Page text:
Gramps had only one regret about his military service; he was not promoted to Captain. He tried a few times to get his rank changed and even called Susan Collins to see if she would hear his case. Some of his friends wrote on his behalf to presidents over the years. No luck.
Gramps’ favorite place to go this past year was the American Legion Post 94, over in the Junction, where he would have a donut, chat and play cribbage. One day last winter he came home happily surprised; he had met Major Mabee, and thereafter, he made sure to be there when she was.
Major Mabee is a no-nonsense woman with a heart of gold. She has beautiful long gray hair she keeps up, often under a hat. She plays a mean game of cribbage, is as quick witted as Gramps and she outranked him. Even if he lost a cribbage game to the Major, it was still a win for Gramps!
I think Gramps reminded Major Mabee of her father, also a vet, but whatever the reason, they became fast friends. It gave Gramps something to look forward to and often defined his day. He enjoyed all of his friends at the legion but the Major, I think, was his favorite.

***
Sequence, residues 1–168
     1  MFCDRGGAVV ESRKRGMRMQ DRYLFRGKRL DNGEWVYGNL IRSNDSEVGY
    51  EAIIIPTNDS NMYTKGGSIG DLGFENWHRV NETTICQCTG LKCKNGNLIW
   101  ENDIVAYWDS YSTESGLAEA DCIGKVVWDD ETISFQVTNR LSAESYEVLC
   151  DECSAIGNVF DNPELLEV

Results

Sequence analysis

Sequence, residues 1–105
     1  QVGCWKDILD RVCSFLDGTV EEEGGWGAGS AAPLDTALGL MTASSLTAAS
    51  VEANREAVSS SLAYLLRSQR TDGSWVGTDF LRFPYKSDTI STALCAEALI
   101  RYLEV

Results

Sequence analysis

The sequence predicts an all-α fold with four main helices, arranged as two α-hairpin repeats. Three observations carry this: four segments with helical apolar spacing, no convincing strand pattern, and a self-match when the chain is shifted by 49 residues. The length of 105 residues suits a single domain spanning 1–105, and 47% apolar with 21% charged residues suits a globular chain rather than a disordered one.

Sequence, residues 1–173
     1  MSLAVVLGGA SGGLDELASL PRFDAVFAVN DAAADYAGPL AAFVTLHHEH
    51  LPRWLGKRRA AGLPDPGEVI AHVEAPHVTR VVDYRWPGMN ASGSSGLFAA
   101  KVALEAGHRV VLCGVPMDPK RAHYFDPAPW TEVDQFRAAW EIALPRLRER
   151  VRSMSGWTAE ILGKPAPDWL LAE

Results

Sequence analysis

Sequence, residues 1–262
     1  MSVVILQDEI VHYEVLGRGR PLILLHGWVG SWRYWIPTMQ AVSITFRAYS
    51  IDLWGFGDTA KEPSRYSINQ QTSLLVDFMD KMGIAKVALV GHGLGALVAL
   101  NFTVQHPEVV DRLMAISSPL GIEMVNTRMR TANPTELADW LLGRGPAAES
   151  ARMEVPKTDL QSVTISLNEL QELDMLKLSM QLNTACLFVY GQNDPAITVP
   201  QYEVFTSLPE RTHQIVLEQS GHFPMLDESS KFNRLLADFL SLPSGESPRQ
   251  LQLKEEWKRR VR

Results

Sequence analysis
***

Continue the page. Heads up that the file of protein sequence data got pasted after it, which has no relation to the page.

They talked about their military service; Gramps told her about his time in the South Pacific and how he wished he had left the Army Air Corps as a captain.
In the last week of Gramps’ life, when it was apparent his time was short, Major Mabee came into his room at CA Dean hospital. Here is her telling of the event:
‘I walked into his room and stood at his bedside. Ed, I said, It’s Major Mabee. His eyelids fluttered a little and there was a slight smile. Ed, I brought you something. His eyelids again fluttered. Ed, you have to open your eyes to see what I brought you.
I held the card with the captain bars in front of him. His eyes slowly opened and at first he looked confused. Ed, these were my captain bars from when I was on active duty. I want you to have them.
He smiled widely and his blue eyes sparkled with understanding as I unofficially promoted him to Captain Ed Walden.
I added, Ed, don’t let this go to your head because I still outrank you. He murmured something. His eyes closed; his smile continued. I love you, Ed, I said, placed his captain bars on the bedside table and left.’
Last week we had a burial for Gramps with an honor guard, flag folding, and taps. Gramps was one of the few of the ‘Greatest Generation’ left.
This week he received a letter of thanks for his military service from the White House. He would have loved that.
Thank you, indeed, from all of us and farewell, Captain Edwin Schuyler Walden. You will not be forgotten.